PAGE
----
The setting: You are enlisted and serving in your country’s army. You are winning on the battlefield which is far from home. Your platoon has stopped to savor the victories and even enjoyed the Christmas holiday with all of the traditions that you love from home.
The moment: At 8:15 am on December 26th you are awakened by the sounds of an attack. In less than 2 hours, your camp is surrounded and your leaders, at least the ones who didn’t escape, are planning a peaceful surrender. Your captors are the very soldiers that you were dominating on the battlefield.
The realization: While your camp went to sleep, George Washington, General of America’s Revolution Army gathered 2,400 troops into boats to cross the frozen Delaware River. He also planned to have another 3,000 troops arrive with artillery from another direction. Caught unaware, General Washington is able to capture nearly 1,000 of your unit while only losing 4 American soldiers in the siege.
The regret: You underestimated your enemy. You lost focus on the job. Your loss wasn’t strategically significant (it was Trenton, New Jersey for heavens sake). Despite this as news of Washington audacious gambit traveled around it raised the spirits of the Revolutionaries. Your small loss was the turning point in losing the war.
Closer to home, the Federal Reserve raised interest ½% percent. Since it was telegraphed ahead of time, markets got what they were anticipating. Stock bounced back from the October lows and investors are stepping away to enjoy Christmas with their family.
Don’t fall asleep. Secular bear markets have a way of lulling investors into complacency. It is common to see counter-trend moves in stocks before the bear market forces reverse to new lows. In the 2 months stretch from June to August this year the S&P 500 jumped more than 17% only to roll over and lose 19% in the next 2 months.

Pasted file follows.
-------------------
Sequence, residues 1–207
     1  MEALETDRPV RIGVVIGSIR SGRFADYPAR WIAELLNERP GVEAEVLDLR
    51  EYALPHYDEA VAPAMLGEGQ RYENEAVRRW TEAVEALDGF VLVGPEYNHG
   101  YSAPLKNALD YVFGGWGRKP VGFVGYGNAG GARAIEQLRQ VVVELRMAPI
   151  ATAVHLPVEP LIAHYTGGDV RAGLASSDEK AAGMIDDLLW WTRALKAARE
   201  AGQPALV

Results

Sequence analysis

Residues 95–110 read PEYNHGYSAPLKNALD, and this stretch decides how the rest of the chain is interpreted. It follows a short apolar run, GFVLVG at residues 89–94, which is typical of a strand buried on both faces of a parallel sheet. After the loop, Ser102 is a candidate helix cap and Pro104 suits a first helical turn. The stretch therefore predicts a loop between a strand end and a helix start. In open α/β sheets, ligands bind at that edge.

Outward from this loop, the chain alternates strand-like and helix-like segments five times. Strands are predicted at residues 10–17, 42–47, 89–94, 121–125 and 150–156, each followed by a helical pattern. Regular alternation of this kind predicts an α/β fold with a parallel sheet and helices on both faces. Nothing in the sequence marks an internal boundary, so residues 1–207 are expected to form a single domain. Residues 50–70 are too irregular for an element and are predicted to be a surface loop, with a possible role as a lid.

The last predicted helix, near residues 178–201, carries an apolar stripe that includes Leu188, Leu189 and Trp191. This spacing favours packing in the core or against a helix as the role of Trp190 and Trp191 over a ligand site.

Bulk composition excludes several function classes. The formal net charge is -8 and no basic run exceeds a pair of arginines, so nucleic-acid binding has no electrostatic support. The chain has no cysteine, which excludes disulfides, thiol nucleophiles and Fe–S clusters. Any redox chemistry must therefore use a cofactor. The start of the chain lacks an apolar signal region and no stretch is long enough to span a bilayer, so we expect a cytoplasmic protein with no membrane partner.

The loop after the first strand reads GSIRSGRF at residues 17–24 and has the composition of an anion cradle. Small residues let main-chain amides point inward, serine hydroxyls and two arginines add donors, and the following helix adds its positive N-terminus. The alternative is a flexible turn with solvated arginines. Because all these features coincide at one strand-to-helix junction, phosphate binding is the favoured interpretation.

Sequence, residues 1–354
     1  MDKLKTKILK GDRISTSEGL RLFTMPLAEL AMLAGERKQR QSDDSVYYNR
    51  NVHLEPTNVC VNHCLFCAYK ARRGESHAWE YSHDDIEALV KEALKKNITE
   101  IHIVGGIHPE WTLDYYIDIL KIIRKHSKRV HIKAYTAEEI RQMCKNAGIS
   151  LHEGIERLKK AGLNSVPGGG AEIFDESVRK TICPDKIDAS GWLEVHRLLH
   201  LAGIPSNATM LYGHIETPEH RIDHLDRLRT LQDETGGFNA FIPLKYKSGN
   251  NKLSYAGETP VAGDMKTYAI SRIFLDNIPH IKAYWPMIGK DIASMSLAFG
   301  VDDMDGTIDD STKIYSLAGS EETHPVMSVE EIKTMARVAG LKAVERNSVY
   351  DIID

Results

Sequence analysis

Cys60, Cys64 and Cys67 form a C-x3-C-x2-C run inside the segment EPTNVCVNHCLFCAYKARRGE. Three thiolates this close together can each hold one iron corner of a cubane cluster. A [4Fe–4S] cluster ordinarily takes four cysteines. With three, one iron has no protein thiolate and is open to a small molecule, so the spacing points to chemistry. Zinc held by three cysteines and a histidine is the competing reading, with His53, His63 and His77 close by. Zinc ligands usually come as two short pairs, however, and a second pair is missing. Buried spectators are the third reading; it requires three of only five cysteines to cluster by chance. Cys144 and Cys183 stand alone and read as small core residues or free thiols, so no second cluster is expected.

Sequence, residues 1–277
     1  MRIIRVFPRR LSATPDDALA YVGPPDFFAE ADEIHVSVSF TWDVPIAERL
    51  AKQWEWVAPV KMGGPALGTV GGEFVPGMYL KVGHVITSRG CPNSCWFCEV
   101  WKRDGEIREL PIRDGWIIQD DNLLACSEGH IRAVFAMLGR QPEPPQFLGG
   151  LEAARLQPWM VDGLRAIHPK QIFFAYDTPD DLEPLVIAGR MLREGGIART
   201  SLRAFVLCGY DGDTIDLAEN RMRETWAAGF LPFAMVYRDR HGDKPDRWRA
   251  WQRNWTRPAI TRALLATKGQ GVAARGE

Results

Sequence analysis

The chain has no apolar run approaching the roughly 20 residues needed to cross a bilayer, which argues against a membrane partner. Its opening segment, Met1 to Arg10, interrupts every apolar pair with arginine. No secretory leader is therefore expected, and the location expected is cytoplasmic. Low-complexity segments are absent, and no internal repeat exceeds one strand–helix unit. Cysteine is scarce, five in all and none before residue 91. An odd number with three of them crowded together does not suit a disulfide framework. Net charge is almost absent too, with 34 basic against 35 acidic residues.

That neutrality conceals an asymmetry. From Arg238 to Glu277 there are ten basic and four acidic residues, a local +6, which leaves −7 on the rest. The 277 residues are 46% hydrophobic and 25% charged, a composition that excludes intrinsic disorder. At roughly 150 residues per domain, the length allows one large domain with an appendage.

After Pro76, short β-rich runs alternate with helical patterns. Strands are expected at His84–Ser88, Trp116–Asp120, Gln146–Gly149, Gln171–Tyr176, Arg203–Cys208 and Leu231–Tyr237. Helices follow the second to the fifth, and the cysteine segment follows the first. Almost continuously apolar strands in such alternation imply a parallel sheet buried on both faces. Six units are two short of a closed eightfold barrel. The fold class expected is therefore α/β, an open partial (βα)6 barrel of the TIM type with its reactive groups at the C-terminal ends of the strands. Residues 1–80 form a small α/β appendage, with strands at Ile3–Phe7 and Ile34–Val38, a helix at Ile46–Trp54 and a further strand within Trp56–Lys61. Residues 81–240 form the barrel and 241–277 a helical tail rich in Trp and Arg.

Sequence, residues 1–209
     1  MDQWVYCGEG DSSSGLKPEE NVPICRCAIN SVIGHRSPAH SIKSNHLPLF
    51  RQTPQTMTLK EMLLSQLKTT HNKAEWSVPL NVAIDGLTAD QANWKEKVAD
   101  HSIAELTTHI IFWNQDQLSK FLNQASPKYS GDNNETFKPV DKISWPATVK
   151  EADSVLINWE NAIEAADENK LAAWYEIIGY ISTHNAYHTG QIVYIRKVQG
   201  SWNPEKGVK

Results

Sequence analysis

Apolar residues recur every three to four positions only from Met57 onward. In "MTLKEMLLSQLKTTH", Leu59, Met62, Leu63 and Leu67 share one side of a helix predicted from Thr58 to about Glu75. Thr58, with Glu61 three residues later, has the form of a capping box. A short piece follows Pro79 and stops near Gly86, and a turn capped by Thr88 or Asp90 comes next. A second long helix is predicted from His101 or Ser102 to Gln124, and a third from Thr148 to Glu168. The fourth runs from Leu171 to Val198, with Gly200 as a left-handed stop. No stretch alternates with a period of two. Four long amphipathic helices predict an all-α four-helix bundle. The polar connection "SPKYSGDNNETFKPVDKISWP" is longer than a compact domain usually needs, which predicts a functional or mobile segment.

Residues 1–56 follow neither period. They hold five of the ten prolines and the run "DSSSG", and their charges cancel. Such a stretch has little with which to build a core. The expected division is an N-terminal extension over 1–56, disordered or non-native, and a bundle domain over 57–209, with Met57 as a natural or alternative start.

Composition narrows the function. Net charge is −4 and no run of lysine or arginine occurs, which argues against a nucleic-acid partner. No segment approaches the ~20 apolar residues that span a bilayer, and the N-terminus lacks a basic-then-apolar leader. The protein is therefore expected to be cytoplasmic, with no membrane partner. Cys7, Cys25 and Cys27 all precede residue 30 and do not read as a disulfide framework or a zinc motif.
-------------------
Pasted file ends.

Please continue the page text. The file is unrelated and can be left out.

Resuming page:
Washington crossed the Delaware in 1776, He didn’t accept the British surrender until 6 years later in October 1781. The British finally pulled their troops from Charleston in 1782. Please realize that the financial skirmish with inflation in 2022 could turn into a 5 to 7-year global recession that leads to a lengthy bear market unwind. I’m not predicting this, but I am prepared if it unfolds.
As recession calls grow louder, you should consider what could happen in January. It sounds harsh but, as part of the Federal Reserve’s battle against inflation, officials have basically called for corporate America to fire folks. Flash back to January 2022, when Apple became the first 3 trillion-dollar company on the planet and enjoyed record profits. Imagine If the CEO held a press conference to announce their great results and ended the speech with. “And we’re laying off 5,000 employees.” The outcries of corporate abuse and greed would be deafening. Businesses wait for financial distress or economic “hardship” to provide cover to cut fat. That’s what the Federal Reserve provided to corporate CEO’s.
Thousands of layoffs have been announced but only a relatively small number of jobs have been eliminated so far. This will pick up steam in the new year. As layoffs are processed, companies will take a charge against their profits for severance and other HR related costs. As these charges cut into profits, investors will have new concerns to grapple with. If earnings forecasts get cut, stock prices will likely follow.
Stock investors are conditioned to think long-term and stay in the game. This works if you can stomach the large declines that may take years to recoup. If you are within 7 years of retirement, I suggest that you stay alert and avoid becoming complacent until we see a clear picture of our economy in early 2023. Be ready to reallocate to safer investments to avoid large declines like this summer.
Call us to schedule a sit-down in January. We use sophisticated risk analysis tools to help you understand what can happen to your retirement savings if we find ourselves surrounded by bears.
Surrender is not an option!